12 Step Program to Enter the Cloud

On the 11/29 Virtualization Security Podcast Omar Khawaja the global managing principle at Verizon Terremark Security Solutions joined us to discuss Verizon’s 12 step program for entering the cloud (found on slideshare). This 12 step program concentrates on the IT and Security admins working together with the business to identify all types of data that could be placed into the cloud, and to classify that data. Once this is complete, the next steps are to understand the compliance and security required to protect the data and to access the data. It is a Data Centric approach to moving to the cloud.

And not an approach we have not discussed before, but now there are 12 steps to follow by all who want to move to the cloud created by Terremark. Terremark as a cloud provider is one of the ones on the leading edge of cloud security, and they will say that if your data requires encryption at all levels (eyes only data), or requires certain access requirements, that the cloud may not be for that data. In reality, entry to the cloud is about two things:

  • Data Security (Confidentiality (encryption, access control), Integrity (digital signatures), and Availability
  • Data Access (Governance (how the data is accessed), Risk (risk measurement if exposure of the data), Compliance (regulations))

Both Data Access and Data Security must be met with compensating controls within the cloud, either provided by the cloud or by the tenant. In most cases this must be provided by the tenant as visibility within clouds is at an all time low.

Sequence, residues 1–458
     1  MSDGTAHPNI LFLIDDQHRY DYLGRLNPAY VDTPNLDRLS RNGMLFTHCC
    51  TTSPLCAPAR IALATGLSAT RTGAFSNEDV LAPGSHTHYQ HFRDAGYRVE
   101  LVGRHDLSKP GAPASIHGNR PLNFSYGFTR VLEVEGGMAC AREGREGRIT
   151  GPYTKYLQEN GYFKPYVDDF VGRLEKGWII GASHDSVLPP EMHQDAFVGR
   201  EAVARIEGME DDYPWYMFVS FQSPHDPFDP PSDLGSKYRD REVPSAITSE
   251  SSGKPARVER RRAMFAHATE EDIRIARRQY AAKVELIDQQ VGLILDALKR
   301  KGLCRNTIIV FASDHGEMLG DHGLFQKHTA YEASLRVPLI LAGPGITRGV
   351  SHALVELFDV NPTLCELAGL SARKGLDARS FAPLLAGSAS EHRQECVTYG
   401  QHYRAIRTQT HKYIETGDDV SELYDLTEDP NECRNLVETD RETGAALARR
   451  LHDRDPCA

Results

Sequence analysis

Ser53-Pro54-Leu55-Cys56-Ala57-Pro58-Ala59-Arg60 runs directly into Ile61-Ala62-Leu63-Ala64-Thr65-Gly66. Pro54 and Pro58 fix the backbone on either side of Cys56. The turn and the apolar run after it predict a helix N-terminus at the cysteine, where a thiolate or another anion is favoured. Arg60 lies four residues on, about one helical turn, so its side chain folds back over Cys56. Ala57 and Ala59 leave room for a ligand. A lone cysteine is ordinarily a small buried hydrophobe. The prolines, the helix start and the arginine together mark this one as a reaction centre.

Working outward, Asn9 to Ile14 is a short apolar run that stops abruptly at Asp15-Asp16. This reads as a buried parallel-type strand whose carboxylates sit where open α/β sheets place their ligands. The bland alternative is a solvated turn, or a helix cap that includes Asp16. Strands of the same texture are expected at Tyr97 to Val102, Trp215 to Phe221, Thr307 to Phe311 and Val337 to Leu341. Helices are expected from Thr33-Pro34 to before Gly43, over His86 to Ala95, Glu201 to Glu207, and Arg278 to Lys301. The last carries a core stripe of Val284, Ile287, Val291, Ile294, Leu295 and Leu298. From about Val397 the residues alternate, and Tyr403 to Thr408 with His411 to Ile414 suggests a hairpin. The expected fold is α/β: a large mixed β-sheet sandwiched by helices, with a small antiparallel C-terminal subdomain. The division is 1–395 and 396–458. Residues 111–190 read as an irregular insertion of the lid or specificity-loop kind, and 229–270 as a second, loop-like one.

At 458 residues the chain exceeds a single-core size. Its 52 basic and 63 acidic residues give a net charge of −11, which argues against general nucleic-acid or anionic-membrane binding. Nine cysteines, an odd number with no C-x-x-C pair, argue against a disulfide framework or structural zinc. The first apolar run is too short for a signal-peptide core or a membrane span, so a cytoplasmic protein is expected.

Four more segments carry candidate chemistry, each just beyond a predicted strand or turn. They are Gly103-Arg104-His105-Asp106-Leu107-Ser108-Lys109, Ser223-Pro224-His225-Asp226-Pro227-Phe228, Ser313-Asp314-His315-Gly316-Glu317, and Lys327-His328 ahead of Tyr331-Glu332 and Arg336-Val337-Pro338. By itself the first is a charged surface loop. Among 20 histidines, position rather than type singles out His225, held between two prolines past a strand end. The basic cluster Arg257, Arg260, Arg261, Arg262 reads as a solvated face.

All of these 12 steps pertain to the IT and Security administrators, however they do not discuss the rank and file of an organization. I would be willing to go out on the limb and say 95% of all employees use the cloud in some fashion. Whether that is iCloud (or equivalents), Google (Mail, Docs, search), or DropBox. They use these tools as a matter of convenience to get the job done. However, the rank and file may not be thinking about the business (and security) consequences of using these tools. I have heard of the following being placedĀ  into the cloud:

  • Intellectual Property (documents about upcoming products) — Google Mail and Docs
  • Phone numbers for various executives internal phone numbers (usually internal use only) — Google Docs, Dropbox, and iCloud
  • Customer Contracts and Lists (confidential information) — Google Mail, Dropbox

The list is fairly endless. Now why do people use these tools? Because they are convenient, easy, and always available. Now we are trying to close the barn door after the horse has already left the building. Perhaps instead it is time to find all our data, which is a daunting task.

As individual contributors, security professionals, executives, we need to realize that once information is on the Internet in some form or another, the data can never be redacted. It is there for good, so we need to be intelligent about the data put within the cloud. What is the business consequence of using various cloud services as an individual to meet business goals?

There is no longer a center for our data, we are the center of our data. This will cause various data sores as data gravitates to certain locations within clouds. The data sore we have at the moment is managing our input to the cloud safely. We have failed miserably and there is no way to redact the data and move on from there. We need to accept this and move on to protect new data and change our ways.

Yes, we need a 12 step program to help us!

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